A few interesting questions on meditation


I have some questions which arise from numerous sources which seem to contradict each other and are keeping my mind in a knot about meditation. I appreciate all opinions but I would like to know what you base your opinions on. So here they are:

  1. Wheather to breathe deeply (expanding the abdomen fully then sucking it in) or to breathe shallow (but still through the stomach, I know not to breathe into the chest). The contrast is that breathing deeply requires focus to force it since you don’t actually need to breathe deeply in a very relaxed state. And focus is good. But I’ve also read that breathing should be natural and spontaneous rather than forced while maintaining focus on the manner, rhythm, etc. of your natural breath. So which is it?

  2. Related to the above when I force my breathing to be deep I often want to yawn since I also try to keep my breathing slow paced. Obviously yawning interrupts my focus etc. and makes it even harder for me to meditate (Im new to it the practice). So the question is what am I doing wrong and/or how to fix the issue. I suppose this could be answered by the previous question but I wanted to seperate the two to avoid confusion.

  3. Should I focus on breathing in the first place? From my knowledge meditation is achieved by focusing on almost anything simple which holds your attention. Yet focusing on breathing has many benefits (which I cannot recall right now, correct me if Im wrong). But I also read many texts, especially on self-hypnosis (which in my opinion is just meditation with a scientific label), which say to focus on relaxation - physical and mental. So what to focus on? Perhaps there’s a pattern of moving from one to the others like focusing on relaxation in the beginning, moving on to breathing and then… something. That’s been my idea but I’d like to hear some confirmation since I don’t have the experience or knowledge to confirm it, or other ideas regarding that.

  4. How can you check if you are in the alpha/meditative state? I assume there is way but the best thing I could find is something along the lines of focusing on your arm feeling very cold and if it does end up feeling very cold then you are in a highly suggestive state (alpha). The problem with that approach is suggestions are quite notorious for their inconsistency across infinite variables like fitness, diet, stress, etc. which change every day if not every hour. I can’t sit there thinking I’m getting somewhere while trying to meditate I have to know for certain. So does anyone have any ideas?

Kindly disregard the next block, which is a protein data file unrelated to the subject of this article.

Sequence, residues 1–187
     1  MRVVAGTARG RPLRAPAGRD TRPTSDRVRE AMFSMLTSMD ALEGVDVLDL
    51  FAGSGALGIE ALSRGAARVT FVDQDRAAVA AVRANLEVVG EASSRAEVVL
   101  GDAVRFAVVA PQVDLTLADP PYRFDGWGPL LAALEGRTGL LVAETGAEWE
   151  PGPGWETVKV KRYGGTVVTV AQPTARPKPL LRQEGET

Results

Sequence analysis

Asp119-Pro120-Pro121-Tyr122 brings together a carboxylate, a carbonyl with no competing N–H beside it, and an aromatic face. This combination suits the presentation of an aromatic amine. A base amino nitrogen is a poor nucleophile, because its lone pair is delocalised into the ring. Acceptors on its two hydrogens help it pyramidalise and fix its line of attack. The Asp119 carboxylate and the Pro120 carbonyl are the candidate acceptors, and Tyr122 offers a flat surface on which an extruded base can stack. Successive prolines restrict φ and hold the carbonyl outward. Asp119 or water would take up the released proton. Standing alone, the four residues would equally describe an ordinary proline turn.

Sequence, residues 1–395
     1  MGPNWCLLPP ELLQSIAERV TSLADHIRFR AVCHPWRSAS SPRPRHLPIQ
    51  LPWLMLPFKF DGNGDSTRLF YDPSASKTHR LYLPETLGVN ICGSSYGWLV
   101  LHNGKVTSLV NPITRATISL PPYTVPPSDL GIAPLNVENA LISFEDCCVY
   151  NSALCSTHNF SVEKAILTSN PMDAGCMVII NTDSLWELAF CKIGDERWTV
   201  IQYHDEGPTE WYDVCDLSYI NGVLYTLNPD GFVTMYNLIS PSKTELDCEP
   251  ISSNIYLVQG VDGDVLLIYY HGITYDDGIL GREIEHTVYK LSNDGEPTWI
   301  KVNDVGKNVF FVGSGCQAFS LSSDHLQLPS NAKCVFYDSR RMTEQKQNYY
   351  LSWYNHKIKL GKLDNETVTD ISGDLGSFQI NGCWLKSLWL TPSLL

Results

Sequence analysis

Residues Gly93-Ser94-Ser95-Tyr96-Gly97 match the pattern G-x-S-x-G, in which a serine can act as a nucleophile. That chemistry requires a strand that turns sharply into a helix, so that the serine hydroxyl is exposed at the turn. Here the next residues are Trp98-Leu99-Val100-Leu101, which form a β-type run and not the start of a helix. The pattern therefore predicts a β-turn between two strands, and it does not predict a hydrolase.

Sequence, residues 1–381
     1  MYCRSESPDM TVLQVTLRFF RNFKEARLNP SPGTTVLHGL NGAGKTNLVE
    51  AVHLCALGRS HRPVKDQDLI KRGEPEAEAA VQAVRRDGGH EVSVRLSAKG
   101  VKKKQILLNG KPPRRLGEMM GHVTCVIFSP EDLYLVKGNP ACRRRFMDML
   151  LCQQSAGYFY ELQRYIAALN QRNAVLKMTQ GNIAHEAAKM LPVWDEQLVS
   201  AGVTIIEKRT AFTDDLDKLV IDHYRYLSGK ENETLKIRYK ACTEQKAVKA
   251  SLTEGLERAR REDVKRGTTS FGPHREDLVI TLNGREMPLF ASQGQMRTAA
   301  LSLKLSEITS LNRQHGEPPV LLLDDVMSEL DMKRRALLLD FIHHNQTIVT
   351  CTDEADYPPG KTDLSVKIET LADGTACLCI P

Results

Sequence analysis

5. This is again related to the first question. Should the breathing be continuous or spontaneous? This sounds a bit like the first question so allow me to clarify. Do you breathe in and out in a consistent rhythm with no pauses - so the end of an exhalation is the begining of an inhalation - or do you breathe in and breathe out when you feel you need/want to? The difference between this question and the first is here I assume all breathing is deep, the question is on timing, whilst in the first question I’m interested in the style of breathing - deep vs shallow.

Well that’s all. I suppose the title of this post should’ve read “A few long questions” but not many people would be interested in reading it then =).

Thanks in advance,


Welcome Pltonik.

Some basics to cover before getting to your list.
There are many different methods to meditation. These methods come from several different sources and some of them have different purposes. In this way the options cover the entire spectrum.

It is when we come to a point where we believe there is only one way that we live in dogma and not yoga. The progress of evolution that is yoga and meditation must germinate from a position where a myriad of possibilities exist; some of them contradictory (but complementary). It is this very holding of contradiction that stretches the brain.

As you are just getting in to meditation I am curious as to why. Some of what you cite is/are very common not just for beginners but for more experienced meditators too.